Lake dredging project hits final summer

Local News

DECATUR, Ill. (WCIA) — The sights and sounds of the dredging barge at Lake Decatur will soon be gone.

“We’re ahead of schedule, should be finished by this summer.”

It was an ambitious, $90-million project to increase the capacity of the lake. City leaders and those who live along the waterfront say it was long overdue.

People we talked to say they’re not worried about having to listen to it when it starts up, they say it’s just a small disturbance.

As march ends, it’s peaceful in this basin of Lake Decatur. In just a few weeks, this machine will come back to life.

“They’re hoping to be finished this year.”

City councilman Pat McDaniel says after dredging started four years ago, the company is on pace to finish ahead of schedule.

“Anything can happen, but by October, November, it should be done.”

Those machines are sucking up soil from the bottom of the lake and pumping it to land a few miles away — but the process hasn’t come without its obstacles.

The city had to raise water rates to cover the more than 90 million dollars they borrowed for the project. McDaniel says in the end, it will all be worth it.

“It’s extremely important to our community, and any other community.”

Many who live on the lake’s shores are happy the work is wrapping up.

Keith Smith and his family plan to bring a new boat to their lakefront home.

“I was around for the drought we had a few years ago and that was an unpleasant experience to live through.”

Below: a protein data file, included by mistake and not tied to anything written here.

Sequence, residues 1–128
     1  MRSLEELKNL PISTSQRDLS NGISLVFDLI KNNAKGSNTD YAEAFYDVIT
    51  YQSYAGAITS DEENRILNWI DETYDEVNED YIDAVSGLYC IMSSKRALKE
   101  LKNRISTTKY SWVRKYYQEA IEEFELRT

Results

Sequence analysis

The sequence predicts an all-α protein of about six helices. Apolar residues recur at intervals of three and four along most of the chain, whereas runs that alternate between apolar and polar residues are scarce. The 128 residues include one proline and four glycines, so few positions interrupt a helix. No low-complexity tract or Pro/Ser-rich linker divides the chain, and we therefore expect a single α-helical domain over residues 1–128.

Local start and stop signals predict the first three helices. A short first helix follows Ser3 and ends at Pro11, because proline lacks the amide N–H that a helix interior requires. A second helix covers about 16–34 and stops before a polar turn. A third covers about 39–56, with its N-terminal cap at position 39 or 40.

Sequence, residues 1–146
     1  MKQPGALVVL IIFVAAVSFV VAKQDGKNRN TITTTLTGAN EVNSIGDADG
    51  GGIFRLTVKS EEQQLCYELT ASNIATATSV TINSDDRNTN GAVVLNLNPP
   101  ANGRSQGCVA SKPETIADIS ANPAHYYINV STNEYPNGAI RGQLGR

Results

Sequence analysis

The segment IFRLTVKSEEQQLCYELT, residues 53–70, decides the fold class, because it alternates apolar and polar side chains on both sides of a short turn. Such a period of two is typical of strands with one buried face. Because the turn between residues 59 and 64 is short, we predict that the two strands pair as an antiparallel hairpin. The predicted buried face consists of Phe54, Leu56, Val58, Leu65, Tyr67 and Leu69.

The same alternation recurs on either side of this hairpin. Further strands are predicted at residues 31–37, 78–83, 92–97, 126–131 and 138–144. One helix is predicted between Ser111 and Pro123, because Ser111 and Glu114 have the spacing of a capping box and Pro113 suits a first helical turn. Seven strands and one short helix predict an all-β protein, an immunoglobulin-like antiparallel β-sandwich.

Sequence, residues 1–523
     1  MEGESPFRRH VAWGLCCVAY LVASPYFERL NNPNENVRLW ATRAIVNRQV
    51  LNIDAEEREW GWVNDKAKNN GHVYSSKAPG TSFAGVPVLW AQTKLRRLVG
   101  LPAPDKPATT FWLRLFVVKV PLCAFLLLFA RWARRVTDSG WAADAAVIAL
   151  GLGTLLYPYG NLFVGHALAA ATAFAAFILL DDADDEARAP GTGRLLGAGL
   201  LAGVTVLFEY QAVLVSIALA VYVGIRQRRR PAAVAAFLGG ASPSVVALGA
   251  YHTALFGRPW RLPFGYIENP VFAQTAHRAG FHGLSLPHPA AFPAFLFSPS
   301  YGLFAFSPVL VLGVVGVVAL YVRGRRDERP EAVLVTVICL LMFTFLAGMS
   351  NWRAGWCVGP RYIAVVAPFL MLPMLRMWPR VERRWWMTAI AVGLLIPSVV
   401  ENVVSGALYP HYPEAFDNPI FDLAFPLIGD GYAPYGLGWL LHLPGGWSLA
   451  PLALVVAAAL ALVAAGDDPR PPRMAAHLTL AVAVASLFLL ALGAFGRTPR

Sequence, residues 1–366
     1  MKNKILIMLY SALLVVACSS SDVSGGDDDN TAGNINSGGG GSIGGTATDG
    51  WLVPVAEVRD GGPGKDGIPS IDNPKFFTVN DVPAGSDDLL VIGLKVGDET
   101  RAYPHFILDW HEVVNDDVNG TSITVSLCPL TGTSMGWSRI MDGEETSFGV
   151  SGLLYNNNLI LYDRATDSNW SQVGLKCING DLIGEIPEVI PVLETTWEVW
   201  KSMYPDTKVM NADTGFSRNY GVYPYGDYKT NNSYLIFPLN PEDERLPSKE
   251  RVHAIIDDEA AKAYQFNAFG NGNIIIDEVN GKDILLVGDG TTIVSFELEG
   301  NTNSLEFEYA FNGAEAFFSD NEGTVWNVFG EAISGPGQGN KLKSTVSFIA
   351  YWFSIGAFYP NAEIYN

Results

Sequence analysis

He says he’d rather look out his window and see barge machines, than deal with a restricted water supply again.

“I think increasing the lake volume is important for the city to do.”

City leaders agree, because the last time the lake almost ran out of water, the hidden costs started to pile up.

“When we’ve had several droughts over the past 10-15 years, the last major drought we had ADM within a week shutting down production because of lack of water. You’ve got to have a good water source.”

ADM shutting down production wasn’t the only reason that got city leaders fired up. McDaniel told us about six years ago there was a company that almost settled on Decatur — not enough access to water was the reason they didn’t set up shop.

Lake Decatur was built in the 1920’s. After a major drought in 2012 the city launched what they said what their largest public works project since it was built.

In 2013, officials voted to more than double water rates over three years to help pay for it.

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